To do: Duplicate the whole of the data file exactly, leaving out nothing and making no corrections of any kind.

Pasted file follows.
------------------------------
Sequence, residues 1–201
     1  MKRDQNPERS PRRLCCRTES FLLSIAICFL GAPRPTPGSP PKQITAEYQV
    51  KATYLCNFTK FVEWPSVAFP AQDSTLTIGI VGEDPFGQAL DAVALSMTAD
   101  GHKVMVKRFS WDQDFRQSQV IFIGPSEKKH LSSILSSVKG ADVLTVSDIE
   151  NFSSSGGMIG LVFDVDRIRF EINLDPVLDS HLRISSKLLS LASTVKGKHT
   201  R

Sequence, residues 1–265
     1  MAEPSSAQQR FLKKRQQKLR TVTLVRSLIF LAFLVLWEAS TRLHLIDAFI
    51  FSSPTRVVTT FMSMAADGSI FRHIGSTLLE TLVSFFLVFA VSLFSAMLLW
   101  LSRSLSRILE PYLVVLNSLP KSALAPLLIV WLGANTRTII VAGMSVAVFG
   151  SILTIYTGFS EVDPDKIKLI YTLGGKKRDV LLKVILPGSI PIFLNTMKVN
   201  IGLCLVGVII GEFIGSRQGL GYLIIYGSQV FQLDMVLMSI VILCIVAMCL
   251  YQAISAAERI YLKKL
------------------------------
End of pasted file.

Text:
Sequence, residues 1–201
     1  MKRDQNPERS PRRLCCRTES FLLSIAICFL GAPRPTPGSP PKQITAEYQV
    51  KATYLCNFTK FVEWPSVAFP AQDSTLTIGI VGEDPFGQAL DAVALSMTAD
   101  GHKVMVKRFS WDQDFRQSQV IFIGPSEKKH LSSILSSVKG ADVLTVSDIE
   151  NFSSSGGMIG LVFDVDRIRF EINLDPVLDS HLRISSKLLS LASTVKGKHT
   201  R

Sequence, residues 1–265
     1  MAEPSSAQQR FLKKRQQKLR TVTLVRSLIF LAFLVLWEAS TRLHLIDAFI
    51  FSSPTRVVTT FMSMAADGSI FRHIGSTLLE TLVSFFLVFA VSLFSAMLLW
   101  LSRSLSRILE PYLVVLNSLP KSALAPLLIV WLGANTRTII VAGMSVAVFG
   151  SILTIYTGFS EVDPDKIKLI YTLGGKKRDV LLKVILPGSI PIFLNTMKVN
   201  IGLCLVGVII GEFIGSRQGL GYLIIYGSQV FQLDMVLMSI VILCIVAMCL
   251  YQAISAAERI YLKKL